As for a software making people snipers...not too sure, i've played at least 400 hours of battlefield 3, and i still can't throw a paper in the trash bin on my first go.
There are a lot of different factors that come into play, like the weight of the gun, the type of terrain you are on, queues that your body gets from the environment that at least for now, cannot be replicated with a software, and then of course, the most important difference of all: you are in front of your pc, in no real danger, being able to focus uniquely on one thing, in real life, you would have a thousand different things happening around you, a tad bit more pressing than "did i turn off the coffee machine?"

posted on Jan, 19 2015 @ 04:54 AM

I did not see any reference to "Bullet Spin"..Did I miss it?

At extreme ranges the spin of the bullet comes into play as well...

posted on Jan, 19 2015 @ 04:59 AM
Does that system tell you that the target has a mate who is radioing his MG squad where you are? or thinks you are?

posted on Jan, 19 2015 @ 05:03 AM
a reply to: IShotMyLastMuse

No this is a handheld weapon, you would not be sitting in a remote location using it. You'd be pointing and shooting. The software only tries correct your aiming mistakes.

posted on Jan, 19 2015 @ 05:04 AM
a reply to: Hefficide

I quite like reading your posts, they are always informative and intelligent.

Technology as advanced as it is in the twenty-first century, and as it has always been in past incarnations will be misused by the criminal elements of soceity. I will not be surprised in the years to follow the scenario of new breeds of killers you speculated. Given time after a number of shootings that utilize this kind of weapon software the government will promptly step in to save us all and make a huge general sweeping ban just as you mentioned.
I expect a certain amount of Black-Ops in the near future will be using this new technology.

edit on 19-1-2015 by Tindalos2013 because: typo.

posted on Jan, 19 2015 @ 05:05 AM
a reply to: semperfortis

I honestly don't know Semper. I found this article just a little while ago and was sucked in as it crossed into my area of interest, and then was somewhat amazed by the claims and implications involved with computer assisted sniper rifles.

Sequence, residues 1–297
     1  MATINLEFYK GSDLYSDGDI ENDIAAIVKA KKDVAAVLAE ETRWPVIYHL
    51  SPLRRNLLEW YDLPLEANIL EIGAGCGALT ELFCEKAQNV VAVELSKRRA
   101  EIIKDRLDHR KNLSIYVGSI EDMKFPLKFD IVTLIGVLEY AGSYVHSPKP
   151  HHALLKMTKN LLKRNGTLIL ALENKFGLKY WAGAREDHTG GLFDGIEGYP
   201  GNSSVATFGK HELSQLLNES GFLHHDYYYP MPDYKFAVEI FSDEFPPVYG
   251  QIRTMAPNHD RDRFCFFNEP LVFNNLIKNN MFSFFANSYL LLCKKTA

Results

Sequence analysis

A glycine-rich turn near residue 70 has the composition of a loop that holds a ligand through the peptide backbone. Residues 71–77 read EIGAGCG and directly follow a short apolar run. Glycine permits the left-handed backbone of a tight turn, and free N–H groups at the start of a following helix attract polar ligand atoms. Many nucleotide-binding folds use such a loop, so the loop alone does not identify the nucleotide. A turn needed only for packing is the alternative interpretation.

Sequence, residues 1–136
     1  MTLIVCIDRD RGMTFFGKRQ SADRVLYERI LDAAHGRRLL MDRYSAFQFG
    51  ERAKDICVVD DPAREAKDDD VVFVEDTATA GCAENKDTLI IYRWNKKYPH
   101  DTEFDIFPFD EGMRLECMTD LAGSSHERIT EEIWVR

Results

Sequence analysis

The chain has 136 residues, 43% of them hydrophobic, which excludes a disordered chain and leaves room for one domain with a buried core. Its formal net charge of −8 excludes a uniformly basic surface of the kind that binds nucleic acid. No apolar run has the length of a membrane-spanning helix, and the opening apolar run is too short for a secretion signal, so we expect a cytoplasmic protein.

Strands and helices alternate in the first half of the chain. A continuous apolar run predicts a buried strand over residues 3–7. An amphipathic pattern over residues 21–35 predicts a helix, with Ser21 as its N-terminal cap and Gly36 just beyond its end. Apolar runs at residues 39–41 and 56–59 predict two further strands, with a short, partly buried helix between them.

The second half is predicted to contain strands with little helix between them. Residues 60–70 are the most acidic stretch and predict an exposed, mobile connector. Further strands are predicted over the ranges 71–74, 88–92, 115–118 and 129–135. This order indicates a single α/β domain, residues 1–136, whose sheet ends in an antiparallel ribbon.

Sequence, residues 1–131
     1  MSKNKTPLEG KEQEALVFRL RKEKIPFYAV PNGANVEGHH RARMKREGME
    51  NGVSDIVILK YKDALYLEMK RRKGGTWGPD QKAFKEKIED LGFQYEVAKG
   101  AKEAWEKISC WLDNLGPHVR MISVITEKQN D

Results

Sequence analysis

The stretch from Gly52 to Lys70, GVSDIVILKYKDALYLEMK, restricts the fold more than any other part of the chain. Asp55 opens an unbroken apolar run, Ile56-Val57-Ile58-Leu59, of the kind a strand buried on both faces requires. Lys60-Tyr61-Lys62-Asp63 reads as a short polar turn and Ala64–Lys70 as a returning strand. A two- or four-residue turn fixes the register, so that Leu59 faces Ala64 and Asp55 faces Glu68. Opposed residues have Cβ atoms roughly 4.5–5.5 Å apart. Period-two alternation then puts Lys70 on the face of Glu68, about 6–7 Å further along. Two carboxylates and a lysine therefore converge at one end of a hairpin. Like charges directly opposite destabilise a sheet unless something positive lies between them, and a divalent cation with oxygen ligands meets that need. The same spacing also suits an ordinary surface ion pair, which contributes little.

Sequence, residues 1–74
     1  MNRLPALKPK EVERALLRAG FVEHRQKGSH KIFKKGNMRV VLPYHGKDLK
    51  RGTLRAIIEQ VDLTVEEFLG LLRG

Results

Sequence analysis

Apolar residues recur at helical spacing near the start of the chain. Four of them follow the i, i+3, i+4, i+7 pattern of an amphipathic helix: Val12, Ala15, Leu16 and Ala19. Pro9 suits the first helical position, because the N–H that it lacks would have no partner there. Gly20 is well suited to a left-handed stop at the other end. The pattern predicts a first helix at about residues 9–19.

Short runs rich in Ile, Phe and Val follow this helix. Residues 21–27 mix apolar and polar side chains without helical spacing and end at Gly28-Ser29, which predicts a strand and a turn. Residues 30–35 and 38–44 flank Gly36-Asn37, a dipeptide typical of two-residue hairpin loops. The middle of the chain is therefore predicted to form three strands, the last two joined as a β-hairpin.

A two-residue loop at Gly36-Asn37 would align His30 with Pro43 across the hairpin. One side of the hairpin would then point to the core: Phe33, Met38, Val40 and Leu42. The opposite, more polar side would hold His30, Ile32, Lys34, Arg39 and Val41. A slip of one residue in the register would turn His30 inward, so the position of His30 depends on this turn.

It does say that the software is similar to that used by fighter pilots - my research plan is to back-step and start researching that software platform as best I can ( legally ) to see what sort of factors it may weigh and calculate.

posted on Jan, 19 2015 @ 05:14 AM
Imagine if you will a sniper rifle mounted onto a stealth drone.
Target is found by satellite and other intel sources, drone deployed to target area. target confirmed. Shot taken. This could be done from just a few hundred yards, if not closer.

How long before this is a reality? Is it already?

Make no mistake, this is the direction the US Govt is going.
With a single bullet there will be much less collateral damage than a missile or rocket strike. No worries about something going wrong and American troops being killed.

The public would eat it up too.
edit on 19-1-2015 by watchitburn because: (no reason given)

posted on Jan, 19 2015 @ 05:33 AM
Doesn't matter. Not gonna help with your approach, is it? Or is there an app for staying concealed too

posted on Jan, 19 2015 @ 05:48 AM
a reply to: SprocketUK

A mile away is pretty concealed in most cases.

posted on Jan, 19 2015 @ 08:00 AM
a reply to: Hefficide A mile from your target sure. That's not to say you'll be shooting from the roof of the sergeants mess though.

posted on Jan, 19 2015 @ 09:22 AM
a reply to: semperfortis

Exactly. And for 7000 - 40000 bucks a pop no thanks.

Not only is it cost prohibitive, but simply too impractical for anything other than long range stationary target shooting. Tracking Point is not a mobile sniper system and can't track targets on the move.
edit on pMon, 19 Jan 2015 09:48:09 -0600201519America/Chicago2015-01-19T09:48:09-06:0031vx1 by projectvxn because: (no reason given)

posted on Jan, 19 2015 @ 09:44 AM
Tracking Point has been on the receiving end of a lot of criticism for what amounts to a range toy.

So many have criticized the technology as a way of making snipers out of criminals. But the fact is the tech doesn't do that. It can't. It doesn't track moving targets. It tracks the known point of a user input target. It takes into account caliber, barrel length and distance to compensate for bullet drop in order to place the round on target. At more than 500 yards this technology does not account for many other factors that affect bullet trajectories:

Weather. Is it raining? Is there fog? What the humidity, barometric pressure for the day? How hot is the ground? Because that will create some bad mirage at distance that can affect getting a clear picture of your target and could affect the optics on Tracking Point. What about winds? Not just where you are but the wind speed and direction where the bullet will be? How about ambient temperature?

Are you shooting at night or during the day? What about the Coriolis effect?

Edit> This video accounted for East to West shooting which gives you up and down deflection. North and South shooting will give you left and right deflection.